Portland, January 9th, 2014. The Oregon Zoo has ramped up efforts to combat the illegal ivory trade by partnering with The Wildlife Conservation Society on the recently launched 96 Elephants campaign.

Named for the number of elephants poached daily in 2012, the campaign aims to end the sale of ivory in the United States, which conservationists believe is a key step in decreasing demand for the trade that kills elephants for their tusks. The zoo is urging community members to sign an online petition asking Congress to enact a moratorium on domestic ivory sales. To sign the petition, go to bit.ly/noivory.

In December, the Oregon Zoo Foundation provided $10,000 for the 96 Elephants campaign, which will support park guards, intelligence networks, and government operations in protected areas for elephants throughout the Congo Basin and East Africa, among other projects.

With the illegal ivory trade at its highest point since 1989, tens of thousands of wild elephants are being killed each year for their tusks. Photo by Julie Larsen Maher, courtesy of The Wildlife Conservation Society.

With the illegal ivory trade at its highest point since 1989, tens of thousands of wild elephants are being killed each year for their tusks. Photo by Julie Larsen Maher, courtesy of The Wildlife Conservation Society.

“Many people don’t realize that ivory is still legally sold in the U.S.,” said Nadja Wielebnowski, Oregon Zoo conservation and research manager. “Confusing regulations are also enabling a thriving black market for ivory in the U.S., which helps to drive the illegal killing of elephants. By avoiding ivory and openly stating their opposition to the ivory trade, Americans can tell the world that an elephant’s life is more valuable than a trinket.”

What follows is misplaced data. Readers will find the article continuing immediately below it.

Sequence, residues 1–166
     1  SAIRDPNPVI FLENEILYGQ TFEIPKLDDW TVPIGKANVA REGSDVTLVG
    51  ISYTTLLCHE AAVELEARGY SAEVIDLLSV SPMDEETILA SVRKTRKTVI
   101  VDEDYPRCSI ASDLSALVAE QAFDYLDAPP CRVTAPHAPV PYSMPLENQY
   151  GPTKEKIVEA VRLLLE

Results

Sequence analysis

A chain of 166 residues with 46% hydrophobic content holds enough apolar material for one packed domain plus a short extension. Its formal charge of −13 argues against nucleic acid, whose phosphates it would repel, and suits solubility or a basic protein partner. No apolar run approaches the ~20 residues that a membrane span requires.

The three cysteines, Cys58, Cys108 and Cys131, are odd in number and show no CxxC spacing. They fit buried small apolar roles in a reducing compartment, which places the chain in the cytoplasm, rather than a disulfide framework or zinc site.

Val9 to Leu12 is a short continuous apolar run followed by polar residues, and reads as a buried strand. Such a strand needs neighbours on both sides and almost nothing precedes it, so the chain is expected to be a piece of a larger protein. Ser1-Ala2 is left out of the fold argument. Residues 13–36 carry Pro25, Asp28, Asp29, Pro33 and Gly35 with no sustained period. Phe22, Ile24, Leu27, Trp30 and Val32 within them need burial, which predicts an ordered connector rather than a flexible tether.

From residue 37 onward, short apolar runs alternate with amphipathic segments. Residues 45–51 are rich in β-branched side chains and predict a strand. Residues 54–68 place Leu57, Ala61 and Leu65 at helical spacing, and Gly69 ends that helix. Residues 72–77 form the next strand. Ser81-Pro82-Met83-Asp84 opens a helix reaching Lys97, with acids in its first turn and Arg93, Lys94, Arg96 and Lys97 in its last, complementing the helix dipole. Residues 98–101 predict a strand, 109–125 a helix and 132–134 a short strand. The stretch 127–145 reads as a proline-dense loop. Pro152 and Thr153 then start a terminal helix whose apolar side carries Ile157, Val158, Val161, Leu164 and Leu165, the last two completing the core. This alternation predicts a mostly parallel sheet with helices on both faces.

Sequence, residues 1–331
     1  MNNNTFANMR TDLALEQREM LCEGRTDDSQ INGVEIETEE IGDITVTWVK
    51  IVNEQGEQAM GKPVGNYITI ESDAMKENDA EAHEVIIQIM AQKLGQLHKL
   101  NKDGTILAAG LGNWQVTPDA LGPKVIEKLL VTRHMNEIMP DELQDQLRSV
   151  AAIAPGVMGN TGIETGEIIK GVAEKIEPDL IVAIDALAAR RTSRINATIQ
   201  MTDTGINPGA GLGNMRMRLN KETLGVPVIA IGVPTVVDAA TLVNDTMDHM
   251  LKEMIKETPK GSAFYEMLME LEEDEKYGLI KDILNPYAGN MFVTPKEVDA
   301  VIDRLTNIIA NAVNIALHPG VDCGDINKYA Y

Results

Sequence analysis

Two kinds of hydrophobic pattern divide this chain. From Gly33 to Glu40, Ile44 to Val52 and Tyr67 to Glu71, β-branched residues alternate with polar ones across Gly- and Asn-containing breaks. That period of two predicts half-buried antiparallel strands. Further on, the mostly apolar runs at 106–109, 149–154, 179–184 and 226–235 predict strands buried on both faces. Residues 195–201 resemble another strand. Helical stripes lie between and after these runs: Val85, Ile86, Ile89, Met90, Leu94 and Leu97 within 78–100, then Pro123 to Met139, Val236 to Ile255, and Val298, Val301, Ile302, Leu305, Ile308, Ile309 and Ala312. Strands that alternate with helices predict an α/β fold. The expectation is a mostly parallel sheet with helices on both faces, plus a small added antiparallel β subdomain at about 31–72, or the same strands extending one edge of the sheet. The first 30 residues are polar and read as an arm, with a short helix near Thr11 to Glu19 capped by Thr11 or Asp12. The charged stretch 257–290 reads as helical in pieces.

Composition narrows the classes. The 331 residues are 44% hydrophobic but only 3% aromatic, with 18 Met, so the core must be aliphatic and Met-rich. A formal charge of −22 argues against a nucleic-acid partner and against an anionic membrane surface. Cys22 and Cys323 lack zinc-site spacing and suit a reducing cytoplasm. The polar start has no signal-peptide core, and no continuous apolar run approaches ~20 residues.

Operated by international crime syndicates, the illegal ivory trade is now at its highest point since 1989. Most ivory is used to carve ornamental objects, jewelry and trinkets.

Over the past months, both the U.S. and China — the world’s two largest markets for wildlife products — publicly destroyed a combined total of more than 12 tons of illegal ivory to underscore those governments’ commitment to combatting wildlife crime.

Plans are in the works to address the zoo’s own stockpile of ivory — currently stored in a high-security facility — donated over the years by community members who didn’t want or know how to dispose of it.

“Our community has demonstrated a profound compassion for elephants,” said Kim Smith, zoo director. “The Wildlife Conservation Society’s 96 elephants campaign gives us another tool for ending the trade that fuels the slaughter of these animals, and we encourage our community to join the fight.”

For the past 15 years, the zoo has worked to protect Asian and African elephants throughout their range by supporting field research and projects to mitigate human-elephant conflict through the International Elephant Foundation.

This year’s projects include purchasing field equipment for anti-poaching rangers in Kenya, training villagers to patrol and monitor for elephants in Myanmar, and micro-chipping Laotian elephants to reduce illegal capture.

The zoo is a service of Metro and is dedicated to its mission of inspiring the community to create a better future for wildlife. Committed to conservation, the zoo is currently working to save endangered California condors, Oregon silverspot and Taylor’s checkerspot butterflies, western pond turtles and Oregon spotted frogs. Other projects include studies on Asian elephants, polar bears, orangutans and giant pandas. Celebrating 125 years of community support, the zoo relies in part on donations through the Oregon Zoo Foundation to undertake these and many other animal welfare, education and sustainability programs.

The zoo opens at 10 a.m. daily and is located five minutes from downtown Portland, just off Highway 26. The zoo is also accessible by MAX light rail line. Visitors who travel to the zoo via MAX receive $1.50 off zoo admission. Call TriMet Customer Service, 503-238-RIDE (7433), or visit www.trimet.org for fare and route information.

General zoo admission is $11.50 (ages 12-64), $10 for seniors (65 and up), $8.50 for children (ages 3-11) and free for those 2 and younger; 25 cents of the admission price helps fund regional conservation projects through the zoo’s Future for Wildlife program. Additional information is available at www.oregonzoo.org or by calling 503-226-1561.

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